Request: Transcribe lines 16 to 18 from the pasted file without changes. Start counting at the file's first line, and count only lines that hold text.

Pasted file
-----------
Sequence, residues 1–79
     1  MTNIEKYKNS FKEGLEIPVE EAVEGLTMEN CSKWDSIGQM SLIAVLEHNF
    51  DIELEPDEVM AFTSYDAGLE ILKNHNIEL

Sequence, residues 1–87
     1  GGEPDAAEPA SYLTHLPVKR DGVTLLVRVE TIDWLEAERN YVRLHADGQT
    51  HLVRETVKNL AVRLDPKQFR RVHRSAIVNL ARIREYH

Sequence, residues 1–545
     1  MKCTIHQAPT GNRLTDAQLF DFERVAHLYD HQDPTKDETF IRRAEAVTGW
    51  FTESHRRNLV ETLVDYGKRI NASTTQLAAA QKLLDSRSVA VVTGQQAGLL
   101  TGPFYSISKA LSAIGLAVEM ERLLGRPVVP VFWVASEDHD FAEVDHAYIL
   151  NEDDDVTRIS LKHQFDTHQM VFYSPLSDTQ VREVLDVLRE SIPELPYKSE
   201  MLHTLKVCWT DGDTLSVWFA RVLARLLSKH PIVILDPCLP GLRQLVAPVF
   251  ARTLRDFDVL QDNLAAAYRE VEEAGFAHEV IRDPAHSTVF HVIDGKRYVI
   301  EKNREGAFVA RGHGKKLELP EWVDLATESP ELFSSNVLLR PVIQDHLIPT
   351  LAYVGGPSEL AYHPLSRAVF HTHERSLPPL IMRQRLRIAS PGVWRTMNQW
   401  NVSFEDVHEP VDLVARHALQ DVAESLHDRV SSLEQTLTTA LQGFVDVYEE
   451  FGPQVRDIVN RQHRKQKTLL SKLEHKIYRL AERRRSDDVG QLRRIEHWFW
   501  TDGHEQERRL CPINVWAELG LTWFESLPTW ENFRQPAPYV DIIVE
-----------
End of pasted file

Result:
   401  NVSFEDVHEP VDLVARHALQ DVAESLHDRV SSLEQTLTTA LQGFVDVYEE
   451  FGPQVRDIVN RQHRKQKTLL SKLEHKIYRL AERRRSDDVG QLRRIEHWFW
   501  TDGHEQERRL CPINVWAELG LTWFESLPTW ENFRQPAPYV DIIVE